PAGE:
Bebu, Good to see someone else recommends SD Formatter, it's a good tool. Whichever app/program you use to format the card, if you structure the format/name as the camera expects to see, ie, Fat32, the camera usually never realizes that it didn't format the card if it's done correctly. Example:https://www.thephotoforum.com/threads/tip-on-using-a-canon-20d-with-16gb-compact-flash.297449/
I've used the poster's method several times, formatting SDXC 32 GB and 64 GB cards for FAT32, with the flash card formatter on a Windows 7x64 machine (same philosophy for a Mac). Placed the SDXC into it's SD adapter, which went inside a SD-CF card adapter, then inserted into the card into the read/write interface and formatted to specs. The first time was on an old, mint condition 20D. When the camera was turned on it registered the card at full capacity and always functions as it should. There are many posts about the older Canons EOS not being able to read/write to more than a 2 or 4 GB card. After all, why would one need a larger card? The firmware wasn't meant to deal with such large cards; they were around but not affordable to mere mortals when the camera was introduced. The same pre-format works for older Nikon DSLRs. Only one camera had trouble seeing a 64 GB card but pre-formatting resolved it. With the Canon, as long as a small protected sample image is left on the card, the other images can be off-loaded/deleted and the card never requires reformatting. Many recommend a complete reformat of the card after each shoot or offload, but as long as the card isn't stalling, it's another write cycle pushing the card toward EOL. Most of the time, when flash memory and SSDs, not even the NSA has had a great deal of luck recovering data, though it's rumored they've gotten better.
All of the flash memory format tools we've used on PCs/Macs, formats cards for any cameras we've used and tested. When it comes to W10 however, there may be sufficient reason to point a finger (ahem) at the Win10 OS format function, as issues with flash drives have been reported. W10 has a documented, long history of causing the premature death of a good number of expensive SSDs and the truth is out there. W10 certainly killed our SSD, taking W10 with it. Too bad, good riddance. We returned to W7, since W10 has never worked well offline without the heavy hand of MS pushing it to their will. The SSD manufacturers finally provided enough evidence/pressure and MS agreed to work toward a solution, without admitting responsibility. We had the invoice for the drive, and it was replaced under warranty. The manufacturer was aware of the failures but a warranty is a warranty (if you have your receipt).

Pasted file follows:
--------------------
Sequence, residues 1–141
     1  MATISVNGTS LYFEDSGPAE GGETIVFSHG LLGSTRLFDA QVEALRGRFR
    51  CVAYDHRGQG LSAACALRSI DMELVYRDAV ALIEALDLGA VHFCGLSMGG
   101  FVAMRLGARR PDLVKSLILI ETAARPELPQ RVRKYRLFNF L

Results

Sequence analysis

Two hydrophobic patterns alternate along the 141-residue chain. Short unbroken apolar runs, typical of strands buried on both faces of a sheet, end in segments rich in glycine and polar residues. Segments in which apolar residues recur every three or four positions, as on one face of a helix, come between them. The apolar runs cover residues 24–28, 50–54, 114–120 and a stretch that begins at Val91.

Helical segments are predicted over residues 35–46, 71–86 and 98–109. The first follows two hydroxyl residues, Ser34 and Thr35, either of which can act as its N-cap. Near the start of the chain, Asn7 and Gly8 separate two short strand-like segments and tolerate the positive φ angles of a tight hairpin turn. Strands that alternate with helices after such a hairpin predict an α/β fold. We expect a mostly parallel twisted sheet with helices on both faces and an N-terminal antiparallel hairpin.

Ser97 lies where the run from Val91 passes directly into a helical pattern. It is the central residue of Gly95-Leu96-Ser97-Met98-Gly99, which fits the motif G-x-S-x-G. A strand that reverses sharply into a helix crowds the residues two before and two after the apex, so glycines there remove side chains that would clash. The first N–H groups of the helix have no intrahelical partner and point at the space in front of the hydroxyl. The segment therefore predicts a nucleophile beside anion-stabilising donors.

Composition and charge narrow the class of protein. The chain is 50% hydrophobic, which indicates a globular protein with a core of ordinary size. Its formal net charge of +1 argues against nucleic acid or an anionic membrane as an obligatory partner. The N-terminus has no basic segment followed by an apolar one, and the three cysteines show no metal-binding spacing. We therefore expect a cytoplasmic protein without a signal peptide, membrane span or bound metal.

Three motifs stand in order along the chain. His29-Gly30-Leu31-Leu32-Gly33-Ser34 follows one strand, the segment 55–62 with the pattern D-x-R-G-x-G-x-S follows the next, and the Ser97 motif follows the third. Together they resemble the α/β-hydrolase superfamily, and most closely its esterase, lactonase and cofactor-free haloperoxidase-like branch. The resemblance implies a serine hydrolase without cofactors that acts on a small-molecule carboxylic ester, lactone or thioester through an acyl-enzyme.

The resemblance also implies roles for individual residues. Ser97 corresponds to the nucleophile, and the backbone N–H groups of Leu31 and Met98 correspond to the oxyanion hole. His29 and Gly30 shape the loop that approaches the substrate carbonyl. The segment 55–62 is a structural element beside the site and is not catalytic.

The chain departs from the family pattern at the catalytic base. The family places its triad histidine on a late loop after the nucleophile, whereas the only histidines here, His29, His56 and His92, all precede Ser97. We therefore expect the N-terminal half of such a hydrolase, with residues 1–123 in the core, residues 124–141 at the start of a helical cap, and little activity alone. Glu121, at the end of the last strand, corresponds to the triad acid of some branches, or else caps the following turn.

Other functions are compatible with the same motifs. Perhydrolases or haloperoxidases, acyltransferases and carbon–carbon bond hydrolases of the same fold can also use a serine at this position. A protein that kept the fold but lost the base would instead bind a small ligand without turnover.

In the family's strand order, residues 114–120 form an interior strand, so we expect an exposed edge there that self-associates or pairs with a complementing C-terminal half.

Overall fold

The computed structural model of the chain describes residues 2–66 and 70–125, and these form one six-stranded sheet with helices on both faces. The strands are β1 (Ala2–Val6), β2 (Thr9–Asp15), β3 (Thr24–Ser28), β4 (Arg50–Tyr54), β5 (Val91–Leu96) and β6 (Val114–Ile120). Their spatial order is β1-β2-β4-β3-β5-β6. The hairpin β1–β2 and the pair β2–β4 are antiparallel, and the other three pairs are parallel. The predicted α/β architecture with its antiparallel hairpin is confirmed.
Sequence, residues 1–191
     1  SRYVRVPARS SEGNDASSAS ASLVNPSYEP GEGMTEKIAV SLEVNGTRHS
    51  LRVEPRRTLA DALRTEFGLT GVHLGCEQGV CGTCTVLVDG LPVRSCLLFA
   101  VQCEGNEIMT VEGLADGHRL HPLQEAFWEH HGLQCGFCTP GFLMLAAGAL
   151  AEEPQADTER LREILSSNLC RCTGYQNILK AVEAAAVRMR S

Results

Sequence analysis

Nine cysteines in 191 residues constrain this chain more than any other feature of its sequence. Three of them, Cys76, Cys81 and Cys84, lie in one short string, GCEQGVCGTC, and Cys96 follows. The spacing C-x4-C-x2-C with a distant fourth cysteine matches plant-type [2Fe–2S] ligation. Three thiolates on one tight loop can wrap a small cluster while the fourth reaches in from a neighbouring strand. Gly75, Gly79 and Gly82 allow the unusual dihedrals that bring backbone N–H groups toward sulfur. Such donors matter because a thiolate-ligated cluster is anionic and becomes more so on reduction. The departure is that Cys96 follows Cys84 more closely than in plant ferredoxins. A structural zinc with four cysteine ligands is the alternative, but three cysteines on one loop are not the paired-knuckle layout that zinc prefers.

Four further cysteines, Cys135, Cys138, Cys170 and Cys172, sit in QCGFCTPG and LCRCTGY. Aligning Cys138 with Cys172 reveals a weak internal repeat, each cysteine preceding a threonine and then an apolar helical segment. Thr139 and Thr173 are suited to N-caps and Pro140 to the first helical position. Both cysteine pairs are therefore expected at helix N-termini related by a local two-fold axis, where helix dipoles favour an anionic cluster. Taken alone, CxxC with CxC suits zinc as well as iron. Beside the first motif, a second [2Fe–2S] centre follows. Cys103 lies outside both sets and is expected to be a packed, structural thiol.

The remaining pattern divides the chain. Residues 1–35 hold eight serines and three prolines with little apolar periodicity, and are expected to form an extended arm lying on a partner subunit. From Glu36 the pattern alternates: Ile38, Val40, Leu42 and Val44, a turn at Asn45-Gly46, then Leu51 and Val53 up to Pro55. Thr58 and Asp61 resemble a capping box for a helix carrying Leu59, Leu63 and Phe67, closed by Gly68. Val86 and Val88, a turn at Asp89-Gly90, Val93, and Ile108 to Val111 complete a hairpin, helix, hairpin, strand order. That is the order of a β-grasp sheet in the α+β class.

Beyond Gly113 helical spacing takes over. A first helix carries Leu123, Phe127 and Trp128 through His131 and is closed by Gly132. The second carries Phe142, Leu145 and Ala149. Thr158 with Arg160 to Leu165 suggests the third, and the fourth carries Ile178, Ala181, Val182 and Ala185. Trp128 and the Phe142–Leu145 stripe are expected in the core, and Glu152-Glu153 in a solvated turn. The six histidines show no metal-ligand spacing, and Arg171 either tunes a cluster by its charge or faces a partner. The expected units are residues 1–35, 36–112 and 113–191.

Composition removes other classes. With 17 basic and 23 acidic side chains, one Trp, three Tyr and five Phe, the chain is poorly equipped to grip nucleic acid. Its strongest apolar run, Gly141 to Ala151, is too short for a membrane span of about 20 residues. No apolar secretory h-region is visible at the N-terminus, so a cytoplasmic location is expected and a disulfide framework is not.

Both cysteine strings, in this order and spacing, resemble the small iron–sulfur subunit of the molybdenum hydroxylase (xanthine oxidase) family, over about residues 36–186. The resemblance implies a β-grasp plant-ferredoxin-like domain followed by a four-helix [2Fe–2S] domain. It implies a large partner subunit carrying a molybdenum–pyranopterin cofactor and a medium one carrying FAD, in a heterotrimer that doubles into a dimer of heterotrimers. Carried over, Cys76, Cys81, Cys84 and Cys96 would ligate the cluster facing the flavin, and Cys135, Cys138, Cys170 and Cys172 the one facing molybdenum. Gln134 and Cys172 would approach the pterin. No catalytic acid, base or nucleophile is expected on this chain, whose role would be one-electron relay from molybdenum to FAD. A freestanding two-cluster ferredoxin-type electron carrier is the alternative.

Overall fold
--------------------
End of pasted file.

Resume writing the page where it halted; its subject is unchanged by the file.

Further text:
We've always kept receipts for any item with a one year to lifetime warranty. We had a guitar develop serious neck problems and though the local luthier would've taken care of it at great expense, we remembered the guitar's lifetime warranty. 3 days later, we located the original receipt, 18 years after sticking it in a manila folder. We've had 3 flash cards fail in 10 years, all Lexars from a one-time Staple's purchase. After the warranty replacements arrived, we gave them away. sv